Campground Website Photos

Discussion in 'RVPR Site Admin, News and Announcements' started by SASMITH, Sep 5, 2011.

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  1. BankShot

    BankShot
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    I understand where you are coming from westernrvparkowner. And yet you just told me something that would probably keep us from staying at one of your parks even tho you still haven't said where they are located? Dirt and gravel roads will usually stop us from staying for more than just a night's stopover as we own a fairly nice Class A and one of my personal pet peeves is dirt and dust in a park. We keep our coach spotless as much as we can other than for the bug spatters and when we are in areas of course where it's raining, etc. We are by no means RV snobs, we simply like traveling in a clean RV. I am thinking that other than for that one thing we would for sure book a reservation at one of your parks if we were in the area and knew which one it was. Perhaps we are in the minority when it comes to dirt, gravel and dust but we did all that years ago when we camped with a tent or camper shell, etc. Now we enjoy being clean and tidy in our senior years and we leave the dirt, gravel and dust to those that still enjoy that experience..................

    If there isn't some rule you would be breaking by letting me know where your parks are located I would still like to know. Who knows, one day down the road we may just park outside your entrance and come in to shake a hand and say hi to a fellow RVPR's member......... :D

    All the best to you, BankShot...............(aka Terry)
     
  2. westernrvparkowner

    westernrvparkowner
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    Then I wouldn't suggest you ever travel out west. The odds of you finding a park with paved roads and paved sites is practically nil. Understand where you are coming from, but it is totally cost prohibitive for parks in our areas to pave the roads and sites. To pave the sites and roads would cost me well over $1,000,000, not counting any other infrastructure changes that would be necessary (i.e plumbing and electrical lines that would be impacted by paving such as needing to be re-routed to provide access for maintance etc.). Using a rough figure of 10000 camper night (100 site park, 5 month season with three months peak) I would need to raise rates by more than $16.00 per night to pay off such an investment over 6 years, which would be my investment timeline. That means paving the roads and sites would result in rates rising nearly 25% . Not an option, in my opinion.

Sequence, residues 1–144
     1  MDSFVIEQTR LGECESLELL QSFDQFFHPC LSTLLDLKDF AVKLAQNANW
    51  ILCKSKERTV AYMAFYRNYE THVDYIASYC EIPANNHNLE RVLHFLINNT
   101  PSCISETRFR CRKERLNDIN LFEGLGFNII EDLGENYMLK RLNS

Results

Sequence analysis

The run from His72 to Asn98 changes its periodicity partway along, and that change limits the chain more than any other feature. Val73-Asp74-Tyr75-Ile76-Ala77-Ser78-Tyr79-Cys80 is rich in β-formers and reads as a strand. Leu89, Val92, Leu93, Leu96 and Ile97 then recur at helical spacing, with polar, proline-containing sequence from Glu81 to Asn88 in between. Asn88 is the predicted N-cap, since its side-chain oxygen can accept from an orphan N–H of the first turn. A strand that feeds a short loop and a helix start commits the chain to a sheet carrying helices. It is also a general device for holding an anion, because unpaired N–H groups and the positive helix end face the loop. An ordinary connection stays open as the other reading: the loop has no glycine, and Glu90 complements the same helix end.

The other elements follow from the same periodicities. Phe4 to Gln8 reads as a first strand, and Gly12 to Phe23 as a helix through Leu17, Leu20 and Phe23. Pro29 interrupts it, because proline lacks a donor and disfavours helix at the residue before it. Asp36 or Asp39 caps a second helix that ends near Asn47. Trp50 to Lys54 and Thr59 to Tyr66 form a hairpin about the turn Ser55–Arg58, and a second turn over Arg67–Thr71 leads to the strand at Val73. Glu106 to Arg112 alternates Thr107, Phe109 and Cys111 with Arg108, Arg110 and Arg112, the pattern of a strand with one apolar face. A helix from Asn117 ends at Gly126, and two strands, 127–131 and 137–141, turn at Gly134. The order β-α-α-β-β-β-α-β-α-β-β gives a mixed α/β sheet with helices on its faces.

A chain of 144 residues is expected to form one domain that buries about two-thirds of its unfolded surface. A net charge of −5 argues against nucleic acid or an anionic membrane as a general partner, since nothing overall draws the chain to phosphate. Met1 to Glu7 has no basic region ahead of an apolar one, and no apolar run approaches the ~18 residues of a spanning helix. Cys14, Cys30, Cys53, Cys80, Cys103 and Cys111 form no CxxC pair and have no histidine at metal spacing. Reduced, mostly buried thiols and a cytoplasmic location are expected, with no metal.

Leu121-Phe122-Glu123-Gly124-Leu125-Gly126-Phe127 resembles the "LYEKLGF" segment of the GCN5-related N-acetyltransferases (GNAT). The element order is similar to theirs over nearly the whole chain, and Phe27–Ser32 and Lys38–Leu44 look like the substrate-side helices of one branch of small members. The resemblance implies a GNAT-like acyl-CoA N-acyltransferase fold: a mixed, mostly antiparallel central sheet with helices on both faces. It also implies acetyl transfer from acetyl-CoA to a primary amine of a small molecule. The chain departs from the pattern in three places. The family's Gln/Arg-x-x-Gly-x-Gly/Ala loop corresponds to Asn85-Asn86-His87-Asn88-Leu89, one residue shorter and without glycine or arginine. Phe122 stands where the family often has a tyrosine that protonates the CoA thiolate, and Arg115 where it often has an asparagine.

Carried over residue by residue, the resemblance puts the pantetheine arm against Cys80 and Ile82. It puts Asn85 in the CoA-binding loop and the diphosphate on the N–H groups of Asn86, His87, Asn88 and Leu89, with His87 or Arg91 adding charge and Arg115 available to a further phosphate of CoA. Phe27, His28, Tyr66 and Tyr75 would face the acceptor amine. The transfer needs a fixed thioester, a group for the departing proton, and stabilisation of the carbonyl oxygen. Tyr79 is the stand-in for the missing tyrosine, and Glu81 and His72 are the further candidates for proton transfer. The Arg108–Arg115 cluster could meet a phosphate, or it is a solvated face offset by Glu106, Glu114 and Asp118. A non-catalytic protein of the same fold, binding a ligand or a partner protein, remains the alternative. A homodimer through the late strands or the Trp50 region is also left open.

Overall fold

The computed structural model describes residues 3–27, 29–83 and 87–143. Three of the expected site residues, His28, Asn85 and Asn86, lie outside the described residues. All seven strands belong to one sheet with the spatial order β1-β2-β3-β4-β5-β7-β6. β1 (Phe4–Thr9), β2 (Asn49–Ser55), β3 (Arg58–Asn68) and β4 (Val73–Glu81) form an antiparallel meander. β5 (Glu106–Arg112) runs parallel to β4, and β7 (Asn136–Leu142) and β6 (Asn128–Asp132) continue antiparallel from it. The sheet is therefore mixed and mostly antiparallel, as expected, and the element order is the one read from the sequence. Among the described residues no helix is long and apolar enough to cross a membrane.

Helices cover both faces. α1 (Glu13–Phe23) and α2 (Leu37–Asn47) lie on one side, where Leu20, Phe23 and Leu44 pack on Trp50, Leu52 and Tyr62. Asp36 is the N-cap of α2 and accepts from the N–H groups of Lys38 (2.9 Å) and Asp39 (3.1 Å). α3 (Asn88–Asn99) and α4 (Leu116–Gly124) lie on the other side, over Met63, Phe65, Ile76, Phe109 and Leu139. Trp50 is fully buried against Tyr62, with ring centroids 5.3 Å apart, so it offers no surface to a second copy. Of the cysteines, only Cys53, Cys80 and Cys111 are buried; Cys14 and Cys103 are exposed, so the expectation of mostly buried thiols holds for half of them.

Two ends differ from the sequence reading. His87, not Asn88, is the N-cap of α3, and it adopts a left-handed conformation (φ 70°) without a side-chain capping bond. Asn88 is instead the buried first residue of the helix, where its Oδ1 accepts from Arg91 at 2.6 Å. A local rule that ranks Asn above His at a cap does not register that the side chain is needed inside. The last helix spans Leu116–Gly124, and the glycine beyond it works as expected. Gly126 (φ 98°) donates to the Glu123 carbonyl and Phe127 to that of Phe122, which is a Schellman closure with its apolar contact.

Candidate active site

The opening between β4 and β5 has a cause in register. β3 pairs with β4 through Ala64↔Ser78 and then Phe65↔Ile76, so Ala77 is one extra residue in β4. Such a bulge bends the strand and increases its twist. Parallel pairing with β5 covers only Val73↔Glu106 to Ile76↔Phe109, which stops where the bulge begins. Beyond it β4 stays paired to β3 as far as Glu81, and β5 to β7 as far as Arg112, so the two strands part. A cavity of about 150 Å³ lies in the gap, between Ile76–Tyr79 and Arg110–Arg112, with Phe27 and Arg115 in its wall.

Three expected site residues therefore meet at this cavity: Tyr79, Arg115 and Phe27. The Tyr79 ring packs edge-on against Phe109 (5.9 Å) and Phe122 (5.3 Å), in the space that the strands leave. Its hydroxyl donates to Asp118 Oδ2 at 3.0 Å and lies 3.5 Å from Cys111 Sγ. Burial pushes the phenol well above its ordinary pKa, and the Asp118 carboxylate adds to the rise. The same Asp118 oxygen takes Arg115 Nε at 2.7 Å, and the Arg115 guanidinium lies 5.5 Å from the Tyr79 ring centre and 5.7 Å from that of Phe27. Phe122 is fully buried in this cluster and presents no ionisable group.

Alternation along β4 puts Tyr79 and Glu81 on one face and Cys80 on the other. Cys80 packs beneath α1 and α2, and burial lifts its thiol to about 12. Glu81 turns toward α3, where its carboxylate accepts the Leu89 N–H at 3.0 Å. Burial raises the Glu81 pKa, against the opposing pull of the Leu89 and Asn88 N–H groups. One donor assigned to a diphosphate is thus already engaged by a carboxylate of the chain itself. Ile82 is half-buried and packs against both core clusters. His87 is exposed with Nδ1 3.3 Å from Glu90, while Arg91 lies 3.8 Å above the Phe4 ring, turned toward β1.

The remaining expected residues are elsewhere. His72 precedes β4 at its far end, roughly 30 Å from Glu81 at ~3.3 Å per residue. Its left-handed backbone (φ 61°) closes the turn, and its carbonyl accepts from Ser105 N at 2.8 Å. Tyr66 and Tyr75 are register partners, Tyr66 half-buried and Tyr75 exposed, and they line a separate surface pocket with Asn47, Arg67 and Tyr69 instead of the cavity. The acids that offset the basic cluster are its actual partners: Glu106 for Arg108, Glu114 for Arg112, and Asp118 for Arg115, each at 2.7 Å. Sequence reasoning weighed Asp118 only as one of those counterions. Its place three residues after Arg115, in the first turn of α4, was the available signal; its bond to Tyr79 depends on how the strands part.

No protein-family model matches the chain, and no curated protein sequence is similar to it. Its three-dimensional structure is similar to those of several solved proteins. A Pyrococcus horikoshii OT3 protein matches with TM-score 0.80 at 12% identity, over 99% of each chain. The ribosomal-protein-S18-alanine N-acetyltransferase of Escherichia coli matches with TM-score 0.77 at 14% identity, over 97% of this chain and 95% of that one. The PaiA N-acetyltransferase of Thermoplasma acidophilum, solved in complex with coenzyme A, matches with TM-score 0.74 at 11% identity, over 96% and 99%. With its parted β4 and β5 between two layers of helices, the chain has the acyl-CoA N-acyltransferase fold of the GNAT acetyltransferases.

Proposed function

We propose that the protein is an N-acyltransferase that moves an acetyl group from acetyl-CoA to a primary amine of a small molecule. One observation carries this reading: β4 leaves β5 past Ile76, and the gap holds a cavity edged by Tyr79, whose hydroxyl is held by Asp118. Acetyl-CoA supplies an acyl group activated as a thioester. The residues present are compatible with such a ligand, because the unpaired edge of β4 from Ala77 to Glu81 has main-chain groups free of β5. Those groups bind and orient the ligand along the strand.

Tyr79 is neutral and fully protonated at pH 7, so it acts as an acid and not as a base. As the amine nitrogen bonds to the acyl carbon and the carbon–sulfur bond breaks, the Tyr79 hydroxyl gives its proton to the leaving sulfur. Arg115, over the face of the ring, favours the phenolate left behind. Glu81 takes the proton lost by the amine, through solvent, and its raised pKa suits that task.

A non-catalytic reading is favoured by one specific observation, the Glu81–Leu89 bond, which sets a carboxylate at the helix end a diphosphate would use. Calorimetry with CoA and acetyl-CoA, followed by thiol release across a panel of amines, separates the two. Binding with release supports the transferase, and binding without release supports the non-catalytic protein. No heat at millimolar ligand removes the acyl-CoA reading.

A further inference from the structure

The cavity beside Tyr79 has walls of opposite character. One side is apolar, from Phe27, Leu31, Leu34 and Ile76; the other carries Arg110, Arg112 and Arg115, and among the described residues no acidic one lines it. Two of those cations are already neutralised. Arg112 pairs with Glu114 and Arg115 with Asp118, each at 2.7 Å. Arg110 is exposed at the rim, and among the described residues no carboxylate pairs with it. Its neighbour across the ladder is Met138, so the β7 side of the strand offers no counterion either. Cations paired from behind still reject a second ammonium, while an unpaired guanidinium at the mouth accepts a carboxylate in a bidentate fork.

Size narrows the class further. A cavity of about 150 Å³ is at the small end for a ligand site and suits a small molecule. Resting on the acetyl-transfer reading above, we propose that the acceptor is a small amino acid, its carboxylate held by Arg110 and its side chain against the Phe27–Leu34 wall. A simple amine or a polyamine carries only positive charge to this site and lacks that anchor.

3. BankShot

    BankShot
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    Either I don't express myself too well or you aren't reading my posts as I mean for them to say. You said that, "Then I wouldn't suggest you ever travel out west". Well sir, I happen to live out west and as I also mentioned when I told you to send me the locations of your various parks, that we would try to stop and possibly even stay a night or three. I don't know what parks or types of parks you stay at when you travel but we find the greatpercentage of the ones we stay at to have either cement, blacktop or nicely packed gravel pads with little to no dirt. Yes we have stayed at few that were all gravel interior roads and gravel or grass/dirt pads, etc. but not unless we have to due to certain circumstances. I am going to bow out at this time as I don't care to get into the pissing contest with you that I initially said I was hoping this thread wouldn't lead to. I think you are perhaps being a tad short sighted on this subject and yet I thought one of your prior posts was very well said and posted that comment below it. The best of business and good times ahead to you and if I do ever find out where your parks at located I will stop by if time permits and shake your hand. And if you don't care to shake hands then we'll move on and not bother you................